Data and knowledge aggregation, which is crucial for variant interpretation, will be facilitated by improving sharing of clinical data, but must be balanced with patient and privacy concerns. Physicians, patients and families should be engaged in all aspects of clinical genomics and genomic medicine. This will require improved education of the public on the value of genomics and health. COG is an NCI-sponsored clinical trials cooperative group, comprising over institutions with multidisciplinary teams, that conducts a spectrum of clinical research and translational research.

Define robust approaches to determine the pathogenicity of genomic variants using genetic, functional, and computational data in a statistically valid framework. If clinical sequencing is implemented at scale, we cannot continue to rely on manual curation.

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NIH should facilitate the development of standards for clinical genomic sequencing, variant annotation, interpretation and clinical delivery. Identify effective and efficient methods for implementing sequencing into routine medical practice, and further refine an NHGRI agenda for implementation research in genomic medicine. NHGRI should help develop novel clinical decision support tools for ordering and applying genomic information N.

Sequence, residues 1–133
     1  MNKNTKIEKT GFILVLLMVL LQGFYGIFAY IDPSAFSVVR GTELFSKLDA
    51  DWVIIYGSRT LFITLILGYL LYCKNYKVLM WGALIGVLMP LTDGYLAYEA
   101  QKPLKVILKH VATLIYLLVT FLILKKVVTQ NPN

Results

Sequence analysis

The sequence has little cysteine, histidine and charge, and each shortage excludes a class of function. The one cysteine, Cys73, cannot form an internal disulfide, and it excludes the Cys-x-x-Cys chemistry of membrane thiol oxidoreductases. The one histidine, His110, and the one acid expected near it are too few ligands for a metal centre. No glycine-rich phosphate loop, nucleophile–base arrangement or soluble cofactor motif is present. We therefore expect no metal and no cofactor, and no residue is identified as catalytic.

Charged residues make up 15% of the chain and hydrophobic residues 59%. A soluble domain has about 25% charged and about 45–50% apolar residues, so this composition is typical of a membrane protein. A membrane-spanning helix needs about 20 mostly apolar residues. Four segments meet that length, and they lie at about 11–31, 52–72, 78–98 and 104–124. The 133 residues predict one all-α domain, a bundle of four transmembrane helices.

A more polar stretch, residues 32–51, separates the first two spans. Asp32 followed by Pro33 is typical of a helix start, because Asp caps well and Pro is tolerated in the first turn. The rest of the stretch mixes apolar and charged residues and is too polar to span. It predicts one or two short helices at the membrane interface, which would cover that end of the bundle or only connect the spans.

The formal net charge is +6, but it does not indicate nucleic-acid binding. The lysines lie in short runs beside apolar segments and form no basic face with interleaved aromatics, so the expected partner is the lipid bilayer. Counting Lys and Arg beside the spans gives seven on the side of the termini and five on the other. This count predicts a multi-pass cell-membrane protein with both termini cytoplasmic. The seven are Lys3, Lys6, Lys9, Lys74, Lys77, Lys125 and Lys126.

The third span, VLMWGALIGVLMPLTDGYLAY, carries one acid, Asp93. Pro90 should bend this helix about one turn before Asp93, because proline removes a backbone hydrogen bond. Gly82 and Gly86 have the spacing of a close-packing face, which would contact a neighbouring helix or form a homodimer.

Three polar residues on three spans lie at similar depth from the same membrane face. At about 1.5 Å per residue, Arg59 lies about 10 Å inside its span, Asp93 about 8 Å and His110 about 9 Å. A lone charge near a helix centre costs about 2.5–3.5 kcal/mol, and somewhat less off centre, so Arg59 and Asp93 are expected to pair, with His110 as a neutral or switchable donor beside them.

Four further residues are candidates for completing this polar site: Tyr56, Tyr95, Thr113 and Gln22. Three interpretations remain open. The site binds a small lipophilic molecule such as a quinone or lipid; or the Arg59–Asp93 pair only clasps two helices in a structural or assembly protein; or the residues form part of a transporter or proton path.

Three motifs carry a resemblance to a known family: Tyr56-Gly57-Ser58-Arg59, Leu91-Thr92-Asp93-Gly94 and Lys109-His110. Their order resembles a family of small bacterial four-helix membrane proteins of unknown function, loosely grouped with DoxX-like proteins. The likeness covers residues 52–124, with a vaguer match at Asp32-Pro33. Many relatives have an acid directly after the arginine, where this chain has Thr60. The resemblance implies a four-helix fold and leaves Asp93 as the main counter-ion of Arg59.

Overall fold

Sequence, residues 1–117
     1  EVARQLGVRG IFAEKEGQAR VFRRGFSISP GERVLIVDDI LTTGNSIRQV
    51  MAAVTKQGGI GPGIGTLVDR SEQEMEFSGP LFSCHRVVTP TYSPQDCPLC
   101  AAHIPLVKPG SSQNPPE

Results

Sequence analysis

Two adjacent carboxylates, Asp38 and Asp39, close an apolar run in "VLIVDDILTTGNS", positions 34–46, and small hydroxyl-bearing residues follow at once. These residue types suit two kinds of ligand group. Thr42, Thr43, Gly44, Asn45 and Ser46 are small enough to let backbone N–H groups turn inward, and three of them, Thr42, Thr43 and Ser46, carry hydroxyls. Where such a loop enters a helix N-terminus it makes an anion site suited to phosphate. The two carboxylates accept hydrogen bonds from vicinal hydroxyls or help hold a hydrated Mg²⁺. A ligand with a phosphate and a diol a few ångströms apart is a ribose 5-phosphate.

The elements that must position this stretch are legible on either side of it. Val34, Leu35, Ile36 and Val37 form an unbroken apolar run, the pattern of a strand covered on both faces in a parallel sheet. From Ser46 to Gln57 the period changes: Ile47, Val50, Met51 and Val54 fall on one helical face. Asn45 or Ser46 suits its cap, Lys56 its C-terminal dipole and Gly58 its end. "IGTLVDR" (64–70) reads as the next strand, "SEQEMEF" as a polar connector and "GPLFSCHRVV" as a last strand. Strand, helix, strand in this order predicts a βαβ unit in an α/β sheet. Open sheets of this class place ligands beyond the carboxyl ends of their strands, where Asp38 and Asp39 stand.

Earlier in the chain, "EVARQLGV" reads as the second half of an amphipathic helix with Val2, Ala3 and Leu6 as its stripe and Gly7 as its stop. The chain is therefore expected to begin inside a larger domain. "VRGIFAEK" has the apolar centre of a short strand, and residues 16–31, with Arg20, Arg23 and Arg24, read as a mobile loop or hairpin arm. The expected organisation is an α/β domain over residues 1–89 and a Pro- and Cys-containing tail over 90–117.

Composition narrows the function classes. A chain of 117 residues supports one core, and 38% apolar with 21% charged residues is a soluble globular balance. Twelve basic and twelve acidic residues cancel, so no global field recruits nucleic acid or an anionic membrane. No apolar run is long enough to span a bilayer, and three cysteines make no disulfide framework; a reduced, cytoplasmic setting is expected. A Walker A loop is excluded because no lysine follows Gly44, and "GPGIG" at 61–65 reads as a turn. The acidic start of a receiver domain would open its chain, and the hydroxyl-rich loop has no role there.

When possible, these tools should incorporate point-of-care education for physicians. To broaden the population impact, sequencing that is shown to have clinical utility should be incorporated into a wider set of clinical and socioeconomic settings. NHGRI should connect with professional societies to provide appropriate expertise, guidance and data at the early stages of consensus development for guidelines. Breakout chairs Andrew Clark and Evan Eichler highlighted significance and accomplishments in this area: Evolution and population genetics can provide an unbiased framework for the discovery and prioritization of genomic regions for genotype-phenotype correlations.